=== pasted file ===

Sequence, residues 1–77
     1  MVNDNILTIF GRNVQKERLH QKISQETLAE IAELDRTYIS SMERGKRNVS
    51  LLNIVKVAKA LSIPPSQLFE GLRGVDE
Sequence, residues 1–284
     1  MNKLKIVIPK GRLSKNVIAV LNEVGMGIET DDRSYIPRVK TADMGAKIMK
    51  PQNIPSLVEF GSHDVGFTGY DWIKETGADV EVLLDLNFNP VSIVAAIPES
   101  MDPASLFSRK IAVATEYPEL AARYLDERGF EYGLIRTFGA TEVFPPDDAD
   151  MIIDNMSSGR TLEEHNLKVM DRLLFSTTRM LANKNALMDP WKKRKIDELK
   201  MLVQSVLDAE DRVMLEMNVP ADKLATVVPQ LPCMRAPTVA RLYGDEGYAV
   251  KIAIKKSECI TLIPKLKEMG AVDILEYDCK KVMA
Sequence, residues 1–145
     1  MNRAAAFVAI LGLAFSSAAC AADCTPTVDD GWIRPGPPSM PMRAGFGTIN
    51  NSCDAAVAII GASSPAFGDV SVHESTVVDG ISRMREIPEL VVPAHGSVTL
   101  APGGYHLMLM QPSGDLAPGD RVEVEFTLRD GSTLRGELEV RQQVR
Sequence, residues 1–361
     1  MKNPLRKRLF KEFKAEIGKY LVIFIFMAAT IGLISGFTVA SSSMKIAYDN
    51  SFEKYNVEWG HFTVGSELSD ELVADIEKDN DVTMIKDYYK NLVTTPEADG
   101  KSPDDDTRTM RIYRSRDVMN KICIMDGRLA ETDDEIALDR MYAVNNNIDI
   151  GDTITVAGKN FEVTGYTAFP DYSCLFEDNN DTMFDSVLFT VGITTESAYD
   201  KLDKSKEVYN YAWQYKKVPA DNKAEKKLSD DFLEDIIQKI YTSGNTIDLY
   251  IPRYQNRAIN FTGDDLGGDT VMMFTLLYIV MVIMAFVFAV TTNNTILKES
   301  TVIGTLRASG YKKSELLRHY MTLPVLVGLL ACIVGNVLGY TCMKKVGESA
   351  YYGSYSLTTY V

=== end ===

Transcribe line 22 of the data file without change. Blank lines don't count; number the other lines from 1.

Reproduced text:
   301  TVIGTLRASG YKKSELLRHY MTLPVLVGLL ACIVGNVLGY TCMKKVGESA